Discrimination in the workplace is illegal, and for good reasons. Every worker in Wisconsin should have the opportunity to excel in his or her job regardless of one's race, gender, religious affiliation and more. Unfortunately, workplace discrimination is still incredibly common, and those tasked with fighting injustice might not be doing as much as they could be.
The Center for Public Integrity recently analyzed data from the U.S. Equal Employment Opportunity Commission and its counterparts that work on local and state levels. They looked at complaint data that covered eight years, ending in 2017. This involved interviewing dozens of victims who had filed complaints with the EEOC as well as going back over hundreds of different court cases. They concluded that the system routinely fails to protect workers.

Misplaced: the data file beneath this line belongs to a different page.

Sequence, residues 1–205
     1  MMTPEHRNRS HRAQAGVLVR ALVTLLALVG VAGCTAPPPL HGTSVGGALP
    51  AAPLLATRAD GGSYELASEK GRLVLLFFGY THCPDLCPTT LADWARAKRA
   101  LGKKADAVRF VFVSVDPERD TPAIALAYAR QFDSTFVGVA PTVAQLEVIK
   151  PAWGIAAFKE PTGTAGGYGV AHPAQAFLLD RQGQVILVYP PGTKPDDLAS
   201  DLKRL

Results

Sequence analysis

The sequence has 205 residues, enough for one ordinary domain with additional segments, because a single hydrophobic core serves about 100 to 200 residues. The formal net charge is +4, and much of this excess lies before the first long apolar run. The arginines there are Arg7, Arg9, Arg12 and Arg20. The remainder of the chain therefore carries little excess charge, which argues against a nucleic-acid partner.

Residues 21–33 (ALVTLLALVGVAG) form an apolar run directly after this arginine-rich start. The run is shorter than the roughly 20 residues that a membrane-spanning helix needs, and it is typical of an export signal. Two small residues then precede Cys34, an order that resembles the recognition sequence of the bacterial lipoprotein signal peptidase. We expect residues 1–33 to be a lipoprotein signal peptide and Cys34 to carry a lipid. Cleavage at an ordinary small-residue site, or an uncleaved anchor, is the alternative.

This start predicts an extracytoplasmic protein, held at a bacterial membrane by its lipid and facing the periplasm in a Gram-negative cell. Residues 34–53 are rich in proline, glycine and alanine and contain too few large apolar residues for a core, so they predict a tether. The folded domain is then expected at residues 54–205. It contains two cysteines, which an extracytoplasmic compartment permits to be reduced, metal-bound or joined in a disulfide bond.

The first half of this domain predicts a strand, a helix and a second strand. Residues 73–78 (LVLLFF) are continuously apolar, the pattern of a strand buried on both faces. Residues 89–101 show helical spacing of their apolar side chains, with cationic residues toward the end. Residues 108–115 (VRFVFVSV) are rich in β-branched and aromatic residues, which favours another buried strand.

The study could not identify any group that fared well when making claims. Race claims were treated particularly poorly despite making up the bulk of workplace discrimination complaints. Indeed, many cases are closed before the EEOC even determines whether discrimination took place. Sometimes, cases were closed after doing little more than asking the victim's employer to provide a statement.
This can be very disconcerting for workers who are dealing with a hostile or discriminatory work environment. Some may feel worried that making a complaint would lead to retaliation and ultimately lose their job. However, victims of workplace discrimination are not without options. An attorney who is well-versed in Wisconsin workplace matters would likely be able to provide insightful guidance on a victim's options for seeking justice and legal recourse.